This dissertation develops analytical models to provide insight into various design issues associated with superscalar-type processors, i.e., the processors capable of executing multiple instructions per cycle. A survey of the existing machines and literature has been completed with a proposed classification of various approaches for exploiting fine-grain concurrency. Optimization of a single pipeline is discussed based on an analytical model. The model-predicted performance curves are found to be in close proximity to published results using simulation techniques. A model is also developed for comparing different branch strategies for single-pipeline processors in terms of their effectiveness in reducing branch delay. The additional instruction fetch traffic generated by certain branch strategies is also studied and is shown to be a useful criterion for choosing between equally well performing strategies. Next, processors with multiple pipelines are modelled to study the tradeoffs associated with deeper pipelines versus multiple pipelines. The model developed can reveal the cause of performance bottleneck: insufficient resources to exploit discovered parallelism, insufficient instruction stream parallelism, or insufficient scope of concurrency detection. The cost associated with speculative (i.e., beyond basic block) execution is examined via probability distributions that characterize the inherent parallelism in the instruction stream. The throughput prediction of the analytic model is shown, using a variety of benchmarks, to be close to the measured static throughput of the compiler output, under resource and scope constraints. Further experiments provide misprediction delay estimates for these benchmarks under scope constraints, assuming beyond-basic-block, out-of-order execution and run-time scheduling. These results were derived using traces generated by the Multiflow TRACE SCHEDULING™(*) compacting C and FORTRAN 77 compilers. A simplified extension to the model to include multiprocessors is also proposed. The extended model is used to analyze combined systems, such as superpipelined multiprocessors and superscalar multiprocessors, both with shared memory. It is shown that the number of pipelines (or processors) at which the maximum throughput is obtained is increasingly sensitive to the ratio of memory access time to network access delay, as memory access time increases. Further, as a function of inter-iteration dependency distance, optimum throughput is shown to vary nonlinearly, whereas the corresponding Optimum number of processors varies linearly. The predictions from the analytical model agree with published results based on simulations. (*)TRACE SCHEDULING is a trademark of Multiflow Computer, Inc.
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Pradeep K. Dubey et al.Computing Torque and Related Output Variables of a Switched ReluctanceMachine Using a Magnetic Circuit Approach
https://docs.lib.purdue.edu/ecetr/745
https://docs.lib.purdue.edu/ecetr/745Tue, 13 Nov 2018 11:08:11 PST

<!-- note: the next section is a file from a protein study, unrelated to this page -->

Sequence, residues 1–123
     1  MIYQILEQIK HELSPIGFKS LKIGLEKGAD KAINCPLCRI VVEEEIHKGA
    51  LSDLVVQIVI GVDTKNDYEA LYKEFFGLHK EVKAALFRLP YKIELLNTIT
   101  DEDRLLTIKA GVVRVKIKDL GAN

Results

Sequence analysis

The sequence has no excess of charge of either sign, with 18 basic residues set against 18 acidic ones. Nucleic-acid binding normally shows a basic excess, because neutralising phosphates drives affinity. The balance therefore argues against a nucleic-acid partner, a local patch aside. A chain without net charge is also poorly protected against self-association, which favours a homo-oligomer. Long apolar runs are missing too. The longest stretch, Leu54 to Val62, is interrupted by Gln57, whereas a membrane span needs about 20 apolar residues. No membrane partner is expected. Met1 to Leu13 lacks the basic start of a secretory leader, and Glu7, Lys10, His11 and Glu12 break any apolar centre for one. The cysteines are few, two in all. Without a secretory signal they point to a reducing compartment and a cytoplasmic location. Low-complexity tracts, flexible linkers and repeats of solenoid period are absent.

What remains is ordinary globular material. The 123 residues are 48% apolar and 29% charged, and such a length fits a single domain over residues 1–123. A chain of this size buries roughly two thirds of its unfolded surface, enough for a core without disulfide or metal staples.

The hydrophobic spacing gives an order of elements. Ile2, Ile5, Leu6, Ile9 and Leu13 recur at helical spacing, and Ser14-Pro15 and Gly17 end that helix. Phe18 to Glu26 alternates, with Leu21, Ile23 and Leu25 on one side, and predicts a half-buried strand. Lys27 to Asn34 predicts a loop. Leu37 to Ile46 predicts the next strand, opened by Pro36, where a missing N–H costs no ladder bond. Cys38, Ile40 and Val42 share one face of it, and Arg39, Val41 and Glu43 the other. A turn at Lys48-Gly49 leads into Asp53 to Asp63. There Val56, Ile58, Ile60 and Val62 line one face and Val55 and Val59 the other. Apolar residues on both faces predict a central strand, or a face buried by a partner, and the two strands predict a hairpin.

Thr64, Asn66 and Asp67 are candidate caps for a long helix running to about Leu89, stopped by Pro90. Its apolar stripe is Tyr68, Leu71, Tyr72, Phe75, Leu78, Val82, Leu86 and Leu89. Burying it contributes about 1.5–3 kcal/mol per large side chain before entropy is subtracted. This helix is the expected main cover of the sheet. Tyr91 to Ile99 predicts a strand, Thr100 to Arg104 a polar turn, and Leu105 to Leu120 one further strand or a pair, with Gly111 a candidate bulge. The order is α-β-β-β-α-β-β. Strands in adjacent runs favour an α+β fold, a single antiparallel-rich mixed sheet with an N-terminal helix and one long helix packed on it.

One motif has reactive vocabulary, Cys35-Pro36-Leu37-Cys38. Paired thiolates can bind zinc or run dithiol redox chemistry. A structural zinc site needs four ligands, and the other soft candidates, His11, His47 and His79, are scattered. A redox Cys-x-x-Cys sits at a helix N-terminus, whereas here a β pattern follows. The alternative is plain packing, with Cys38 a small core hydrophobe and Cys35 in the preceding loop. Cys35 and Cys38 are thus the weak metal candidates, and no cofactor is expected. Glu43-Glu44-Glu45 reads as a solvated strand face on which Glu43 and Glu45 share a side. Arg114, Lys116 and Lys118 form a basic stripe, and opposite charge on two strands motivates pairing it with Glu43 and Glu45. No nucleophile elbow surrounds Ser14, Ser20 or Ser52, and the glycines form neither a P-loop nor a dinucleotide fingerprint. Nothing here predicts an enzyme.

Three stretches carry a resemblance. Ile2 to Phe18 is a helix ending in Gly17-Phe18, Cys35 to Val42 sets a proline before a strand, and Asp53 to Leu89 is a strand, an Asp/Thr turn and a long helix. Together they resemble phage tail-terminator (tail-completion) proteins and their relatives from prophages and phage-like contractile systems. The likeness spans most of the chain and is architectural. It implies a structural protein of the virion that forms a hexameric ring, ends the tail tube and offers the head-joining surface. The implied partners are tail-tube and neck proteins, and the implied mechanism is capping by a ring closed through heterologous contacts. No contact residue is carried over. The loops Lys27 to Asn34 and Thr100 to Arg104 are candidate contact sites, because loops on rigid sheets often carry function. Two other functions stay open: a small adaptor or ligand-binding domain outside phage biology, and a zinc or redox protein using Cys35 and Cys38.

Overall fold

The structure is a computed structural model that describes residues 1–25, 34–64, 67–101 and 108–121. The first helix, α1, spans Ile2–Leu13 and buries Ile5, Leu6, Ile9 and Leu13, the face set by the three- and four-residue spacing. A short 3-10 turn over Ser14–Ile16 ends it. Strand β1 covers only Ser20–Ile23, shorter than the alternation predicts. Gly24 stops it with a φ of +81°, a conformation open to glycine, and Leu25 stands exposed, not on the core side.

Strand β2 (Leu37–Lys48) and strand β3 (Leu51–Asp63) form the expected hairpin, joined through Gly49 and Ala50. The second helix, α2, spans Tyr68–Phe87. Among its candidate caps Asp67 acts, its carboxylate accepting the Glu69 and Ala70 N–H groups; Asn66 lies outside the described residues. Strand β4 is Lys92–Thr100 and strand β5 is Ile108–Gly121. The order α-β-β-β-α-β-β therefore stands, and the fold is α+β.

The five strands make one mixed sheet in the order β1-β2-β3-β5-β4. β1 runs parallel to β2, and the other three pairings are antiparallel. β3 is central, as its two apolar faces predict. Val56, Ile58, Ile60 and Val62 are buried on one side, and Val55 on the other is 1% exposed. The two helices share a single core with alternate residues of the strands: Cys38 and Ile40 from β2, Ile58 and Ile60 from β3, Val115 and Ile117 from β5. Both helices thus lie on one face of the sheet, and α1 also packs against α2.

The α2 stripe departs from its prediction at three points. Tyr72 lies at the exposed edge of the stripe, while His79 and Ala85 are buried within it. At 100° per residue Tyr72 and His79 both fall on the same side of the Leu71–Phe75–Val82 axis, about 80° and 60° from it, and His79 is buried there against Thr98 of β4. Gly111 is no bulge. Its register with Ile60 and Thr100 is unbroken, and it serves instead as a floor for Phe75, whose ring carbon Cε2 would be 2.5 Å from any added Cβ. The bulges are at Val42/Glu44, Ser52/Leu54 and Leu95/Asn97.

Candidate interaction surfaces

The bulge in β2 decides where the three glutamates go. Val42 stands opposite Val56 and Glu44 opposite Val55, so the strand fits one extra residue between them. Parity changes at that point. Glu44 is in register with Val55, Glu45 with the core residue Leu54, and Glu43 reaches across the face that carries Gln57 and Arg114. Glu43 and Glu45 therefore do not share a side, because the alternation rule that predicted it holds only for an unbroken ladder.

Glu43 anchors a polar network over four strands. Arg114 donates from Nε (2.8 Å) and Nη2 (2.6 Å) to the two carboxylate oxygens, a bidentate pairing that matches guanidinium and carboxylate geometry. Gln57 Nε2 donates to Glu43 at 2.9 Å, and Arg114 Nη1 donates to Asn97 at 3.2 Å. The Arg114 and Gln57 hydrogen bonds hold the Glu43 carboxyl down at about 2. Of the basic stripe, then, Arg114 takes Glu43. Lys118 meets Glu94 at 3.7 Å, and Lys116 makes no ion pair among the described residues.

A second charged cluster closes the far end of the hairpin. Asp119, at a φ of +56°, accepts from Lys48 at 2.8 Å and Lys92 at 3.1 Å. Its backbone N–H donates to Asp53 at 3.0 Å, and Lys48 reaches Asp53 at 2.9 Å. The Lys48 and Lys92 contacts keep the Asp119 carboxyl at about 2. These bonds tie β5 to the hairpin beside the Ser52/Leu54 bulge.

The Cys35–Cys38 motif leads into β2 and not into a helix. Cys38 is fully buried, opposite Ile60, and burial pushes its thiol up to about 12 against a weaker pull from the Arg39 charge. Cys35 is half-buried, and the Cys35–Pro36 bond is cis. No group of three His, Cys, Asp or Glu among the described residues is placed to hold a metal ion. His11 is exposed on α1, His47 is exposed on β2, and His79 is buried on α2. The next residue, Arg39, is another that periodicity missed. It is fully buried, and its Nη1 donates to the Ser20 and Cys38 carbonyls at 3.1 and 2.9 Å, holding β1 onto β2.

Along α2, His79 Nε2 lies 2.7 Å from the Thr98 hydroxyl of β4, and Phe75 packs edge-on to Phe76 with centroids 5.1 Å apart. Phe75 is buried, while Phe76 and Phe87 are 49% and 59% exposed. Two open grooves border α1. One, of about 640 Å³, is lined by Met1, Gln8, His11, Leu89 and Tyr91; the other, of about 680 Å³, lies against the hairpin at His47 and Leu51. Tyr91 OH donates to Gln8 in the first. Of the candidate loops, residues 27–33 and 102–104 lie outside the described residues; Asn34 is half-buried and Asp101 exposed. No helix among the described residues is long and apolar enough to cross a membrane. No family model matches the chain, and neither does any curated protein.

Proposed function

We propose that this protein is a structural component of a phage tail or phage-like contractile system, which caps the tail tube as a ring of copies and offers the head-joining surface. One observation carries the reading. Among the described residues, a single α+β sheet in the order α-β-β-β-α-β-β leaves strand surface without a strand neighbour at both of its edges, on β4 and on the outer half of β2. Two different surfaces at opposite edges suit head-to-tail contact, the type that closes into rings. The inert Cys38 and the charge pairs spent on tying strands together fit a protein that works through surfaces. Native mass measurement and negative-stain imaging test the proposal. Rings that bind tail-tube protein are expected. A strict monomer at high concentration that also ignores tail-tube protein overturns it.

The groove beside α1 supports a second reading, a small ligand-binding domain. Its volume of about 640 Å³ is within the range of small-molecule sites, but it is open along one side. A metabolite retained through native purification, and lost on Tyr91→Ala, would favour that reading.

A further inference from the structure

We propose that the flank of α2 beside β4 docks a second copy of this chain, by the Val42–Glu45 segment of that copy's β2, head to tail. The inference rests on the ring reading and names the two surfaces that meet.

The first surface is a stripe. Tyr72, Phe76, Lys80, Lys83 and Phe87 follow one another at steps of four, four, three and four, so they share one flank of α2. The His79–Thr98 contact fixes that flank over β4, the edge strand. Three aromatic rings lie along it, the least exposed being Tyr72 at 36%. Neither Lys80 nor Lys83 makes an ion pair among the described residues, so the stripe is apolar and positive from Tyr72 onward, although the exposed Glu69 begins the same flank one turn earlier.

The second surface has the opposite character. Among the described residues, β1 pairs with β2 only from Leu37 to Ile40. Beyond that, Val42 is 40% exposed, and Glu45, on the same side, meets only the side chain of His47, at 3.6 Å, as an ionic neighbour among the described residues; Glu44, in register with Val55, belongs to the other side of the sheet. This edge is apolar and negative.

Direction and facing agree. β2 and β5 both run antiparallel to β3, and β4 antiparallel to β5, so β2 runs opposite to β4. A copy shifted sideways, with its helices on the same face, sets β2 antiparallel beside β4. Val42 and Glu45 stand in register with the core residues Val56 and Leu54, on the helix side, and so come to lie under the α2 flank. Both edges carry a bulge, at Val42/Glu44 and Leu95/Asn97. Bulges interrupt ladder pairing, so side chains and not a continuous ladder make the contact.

The normal procedure industry employs in designing a Switched Reluctance Machine (SRM) is to construct and test a prototype to determine the machine's actual output characteristics. This procedure is time-consuming and does not allow for an accurate insight into machine dynamics. This research project consists of an analytical method for determining torque, current, and flux linkages of an SRM. A magnetic circuit modelling approach is employed for this research and the machine dimension parameters of the SRM as well as the B-H curve magnetization characteristics are utilized. The objective of the magnetic circuit modelling approach is to obtain results which will be comparable to a machine modelled using the finite element method of flux determination. The magnetic circuit analysis uses a systematic approach for calculating the reluctances of the air gap between the stator and rotor poles in a typical SRM. The end result of the magnetic circuit model is a non-linear function with respect to flux. The operating characteristics of the SRM are modelled mathematically by using first-order differential equations of flux linkages with respect to current and rotor position. Rapid speed in calculation of the operating characteristics of an SRM results from the precalculation of the flux linkage to current relationship.
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Matthew E. ToenniesEfficient Importance sampling Simulations for Digital Communication Systems
https://docs.lib.purdue.edu/ecetr/744
https://docs.lib.purdue.edu/ecetr/744Tue, 13 Nov 2018 11:08:05 PST
Importance sampling is a- modified. Monte Carlo simulation technique which can dramatically reduce the computational cost of the Monte Carlo method. A complete development is presented for its use in the estimation of bit error rates /V for digital communication systems with small Gaussian noise inputs. Emphasis is on the optimal mean-translation Gaussian simulation density function design and the event simulation method as applied to systems which employ quasi-regular trellis codes. These codes include the convolutional codes and many TCM (Ungerboeck) codes. Euclidean distance information of a code is utilized to facilitate the simulation. Also, the conditional importance sampling technique is presented which can handle many non-Gaussian system inputs. Theories as well as numerical examples are given. In particular, we study the simulations of an uncoded MSK and a trellis-coded 8- PSK transmissions over a general bandlimited nonlinear satellite channel model. Our algorithms are shown to be very efficient at low Pb compared to the ordinary Monte Carlo method. Many techniques we have developed are applicable to other system simulations as building blocks for their particular system configurations and channels.
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Jyun-Cheng Chen